criminal-like. r there's something wrong with american policy. there's something about -- something persisting like racial discrimination. that's why we have racial inequity. americans refuse to believe their nations have racial iscrimination, that it is pervasive. so the only other explanation racist inequality is ideas. >> how significant was the election and re-election of barack obama to this issue? >> well, i think it was significant in that for some signified for them, that america was certainly no racist. how could a nation that lected a lack person to its highest office be racist? so it's been, for them, caused hem to believe this nation was post racial is a whole idea of this nation being post racial many quite prominent for americans. so what that then means is racism didn't exist. discrimination didn't exist. and when a nation still had
you say equity, when racial discrimination doesn't simultaneously saying why those inequities persist is because of people. ecause there's something wrong with people. >> your work has two bi-lines. kendi and before that rodgers. explain. grew up in queens. at the time there was a on inent children's show called mr. rogers. always be kid for, will you be my neighbor and let me get your sweater. really had an affinity skwrers.t name ro in the african-american community there's somewhat of a tradition for changing your name. particularly because frican-americans, their names were typically bestowed upon them by slave owners. so i decided that it was best to
sort of change my name. so i changed my name together we wed.wife when >> tell us about your work at american university. university, i an recently founded new anti-racist center. nd this center is based on a fundamental idea that there really is nothing wrong with groups of people in this country. there's nothing wrong or inferior about black people or any asian people, about group of people. and that then we still have inequities.l so that means that we have racial inequities because policies.cist and so we, at the center, are teams of e organizing people to uncover discriminatory policies, to figure out policy, ways to out disseminate policies to make people aware of them.
engage in to campaigns of change because those policies. >> as you know this year marking 50th anniversary of what happened in 1968 clearly a many icant year on so different levels politically, the vietnam war and, of course, rights movement. 50 years later, how are we doing, especially in regard to civil rights? >> well, i think we've oferienced simultaneous sort history. we've experienced a dual history. history of enced racial progress and, of course, obama as can look at one of the signifiers of racial segment of certain people of color, of the african-american community. ut the nation has also experienced the progression of racism. the progression of racism that i argue was critical in the election of our current president. >> let me stop you there. you mean by progression in racism? > that means racist policies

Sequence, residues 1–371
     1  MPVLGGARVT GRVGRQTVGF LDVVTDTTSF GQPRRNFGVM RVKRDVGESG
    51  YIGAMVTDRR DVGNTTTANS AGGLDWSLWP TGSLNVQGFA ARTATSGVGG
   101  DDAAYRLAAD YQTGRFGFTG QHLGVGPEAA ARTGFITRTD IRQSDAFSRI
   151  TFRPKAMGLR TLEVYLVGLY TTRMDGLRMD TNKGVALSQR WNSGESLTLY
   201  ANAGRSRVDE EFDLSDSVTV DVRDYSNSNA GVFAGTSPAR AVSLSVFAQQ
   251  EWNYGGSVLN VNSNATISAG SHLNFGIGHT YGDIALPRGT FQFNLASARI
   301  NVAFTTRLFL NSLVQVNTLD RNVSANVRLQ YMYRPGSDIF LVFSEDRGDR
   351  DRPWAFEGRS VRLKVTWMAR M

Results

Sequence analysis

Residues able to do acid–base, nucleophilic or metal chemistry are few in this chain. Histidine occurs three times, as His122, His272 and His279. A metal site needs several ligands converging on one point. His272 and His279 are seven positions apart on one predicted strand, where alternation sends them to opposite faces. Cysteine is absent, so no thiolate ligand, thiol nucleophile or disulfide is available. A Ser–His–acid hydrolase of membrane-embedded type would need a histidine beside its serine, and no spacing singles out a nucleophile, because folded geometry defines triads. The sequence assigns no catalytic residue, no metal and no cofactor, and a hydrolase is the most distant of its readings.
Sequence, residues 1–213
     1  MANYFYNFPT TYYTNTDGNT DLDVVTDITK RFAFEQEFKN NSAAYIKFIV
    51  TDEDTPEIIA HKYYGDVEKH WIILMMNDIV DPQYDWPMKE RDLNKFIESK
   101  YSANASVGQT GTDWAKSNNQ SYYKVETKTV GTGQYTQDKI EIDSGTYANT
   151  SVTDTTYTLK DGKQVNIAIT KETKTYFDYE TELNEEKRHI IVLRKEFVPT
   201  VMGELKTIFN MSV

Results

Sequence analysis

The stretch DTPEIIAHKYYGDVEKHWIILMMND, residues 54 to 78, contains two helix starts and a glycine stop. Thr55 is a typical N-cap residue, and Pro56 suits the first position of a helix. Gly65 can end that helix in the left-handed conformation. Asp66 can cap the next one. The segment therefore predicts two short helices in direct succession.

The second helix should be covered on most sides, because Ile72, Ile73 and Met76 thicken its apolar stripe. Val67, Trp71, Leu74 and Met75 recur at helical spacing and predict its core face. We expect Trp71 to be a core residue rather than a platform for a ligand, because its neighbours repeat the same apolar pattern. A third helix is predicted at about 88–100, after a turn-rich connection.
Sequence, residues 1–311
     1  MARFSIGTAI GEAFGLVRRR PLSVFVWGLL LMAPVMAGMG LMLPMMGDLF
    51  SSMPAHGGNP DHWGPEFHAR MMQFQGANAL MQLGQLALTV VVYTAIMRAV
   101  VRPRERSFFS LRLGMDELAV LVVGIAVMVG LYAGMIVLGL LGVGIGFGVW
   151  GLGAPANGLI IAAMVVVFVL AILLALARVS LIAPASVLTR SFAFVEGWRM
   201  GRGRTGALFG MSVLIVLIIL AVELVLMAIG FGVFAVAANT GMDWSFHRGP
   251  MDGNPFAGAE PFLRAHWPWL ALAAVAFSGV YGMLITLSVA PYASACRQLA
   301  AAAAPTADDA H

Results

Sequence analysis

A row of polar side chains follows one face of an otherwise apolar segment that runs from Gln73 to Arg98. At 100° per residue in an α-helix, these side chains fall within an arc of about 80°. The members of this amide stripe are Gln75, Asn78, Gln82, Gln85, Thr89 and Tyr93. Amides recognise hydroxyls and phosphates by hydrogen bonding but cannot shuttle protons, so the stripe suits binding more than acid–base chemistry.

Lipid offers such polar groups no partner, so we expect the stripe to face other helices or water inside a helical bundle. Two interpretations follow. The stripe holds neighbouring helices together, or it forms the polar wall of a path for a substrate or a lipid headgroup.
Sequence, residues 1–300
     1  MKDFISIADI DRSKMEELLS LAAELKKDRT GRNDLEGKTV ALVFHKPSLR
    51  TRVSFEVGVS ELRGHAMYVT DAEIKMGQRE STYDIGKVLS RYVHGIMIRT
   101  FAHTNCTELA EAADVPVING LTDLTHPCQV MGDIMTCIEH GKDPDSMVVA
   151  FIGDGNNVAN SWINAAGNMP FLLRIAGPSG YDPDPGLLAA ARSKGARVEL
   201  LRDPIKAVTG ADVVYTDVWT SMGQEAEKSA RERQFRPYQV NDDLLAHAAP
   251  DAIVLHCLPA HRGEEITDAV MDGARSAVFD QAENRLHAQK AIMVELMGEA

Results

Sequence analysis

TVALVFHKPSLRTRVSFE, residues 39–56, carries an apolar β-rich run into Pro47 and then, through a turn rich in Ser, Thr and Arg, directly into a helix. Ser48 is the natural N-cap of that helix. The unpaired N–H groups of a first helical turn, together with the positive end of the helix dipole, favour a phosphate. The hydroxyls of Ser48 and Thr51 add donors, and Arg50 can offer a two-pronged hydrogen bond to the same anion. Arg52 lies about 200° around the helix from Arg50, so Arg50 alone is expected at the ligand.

continuously get more sophisticated. and so what i mean by becomes more it difficult for people, for you and i, for concerned americans, to identify, to counter ct policies that are discriminating to particular groups of people. discriminating and targeting african-american voters with, quote, surgical a north carolina court stated is a lot more voter icated form of suppression than a grandfather clause or a poll tax. what i sort of mean by the racist progress. >> let's get phone calls. is joining us from jackson heights, new york. we're live here in washington, at the american association annual convention. dan, good morning. ahead, please. >> go ahead. allowed to be present this as i see it.
what's happening to black people could be because -- not because they're black, but they're americans who can be identified by color. therefore, they become attempts to behe counter to racism. is, just to y that cite one example. merican education as compared to european education puts the emphasis on higher education. european education puts especially the tactical of onent in the first years school. so by the time you get to high school, you're doing what be icans are supposed to doing in college. americans realize that blacks are denied opportunities schooling, they start to do things like, well, we will ave open admissions to the